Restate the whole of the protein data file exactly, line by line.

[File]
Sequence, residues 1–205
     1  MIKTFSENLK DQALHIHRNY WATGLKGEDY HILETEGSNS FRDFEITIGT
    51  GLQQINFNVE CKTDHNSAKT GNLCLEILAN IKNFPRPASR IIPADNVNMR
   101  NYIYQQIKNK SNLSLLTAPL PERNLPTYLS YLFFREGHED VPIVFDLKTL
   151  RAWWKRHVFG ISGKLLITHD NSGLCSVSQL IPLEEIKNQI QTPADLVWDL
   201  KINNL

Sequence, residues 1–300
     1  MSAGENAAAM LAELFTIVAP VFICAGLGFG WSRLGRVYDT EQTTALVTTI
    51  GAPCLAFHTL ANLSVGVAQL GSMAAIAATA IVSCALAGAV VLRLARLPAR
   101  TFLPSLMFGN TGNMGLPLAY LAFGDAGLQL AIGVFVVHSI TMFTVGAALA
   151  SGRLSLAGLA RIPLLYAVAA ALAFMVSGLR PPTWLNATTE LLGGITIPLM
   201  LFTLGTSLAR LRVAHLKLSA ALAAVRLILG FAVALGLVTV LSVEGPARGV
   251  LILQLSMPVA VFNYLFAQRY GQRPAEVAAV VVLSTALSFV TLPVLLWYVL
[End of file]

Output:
Sequence, residues 1–205
     1  MIKTFSENLK DQALHIHRNY WATGLKGEDY HILETEGSNS FRDFEITIGT
    51  GLQQINFNVE CKTDHNSAKT GNLCLEILAN IKNFPRPASR IIPADNVNMR
   101  NYIYQQIKNK SNLSLLTAPL PERNLPTYLS YLFFREGHED VPIVFDLKTL
   151  RAWWKRHVFG ISGKLLITHD NSGLCSVSQL IPLEEIKNQI QTPADLVWDL
   201  KINNL

Sequence, residues 1–300
     1  MSAGENAAAM LAELFTIVAP VFICAGLGFG WSRLGRVYDT EQTTALVTTI
    51  GAPCLAFHTL ANLSVGVAQL GSMAAIAATA IVSCALAGAV VLRLARLPAR
   101  TFLPSLMFGN TGNMGLPLAY LAFGDAGLQL AIGVFVVHSI TMFTVGAALA
   151  SGRLSLAGLA RIPLLYAVAA ALAFMVSGLR PPTWLNATTE LLGGITIPLM
   201  LFTLGTSLAR LRVAHLKLSA ALAAVRLILG FAVALGLVTV LSVEGPARGV
   251  LILQLSMPVA VFNYLFAQRY GQRPAEVAAV VVLSTALSFV TLPVLLWYVL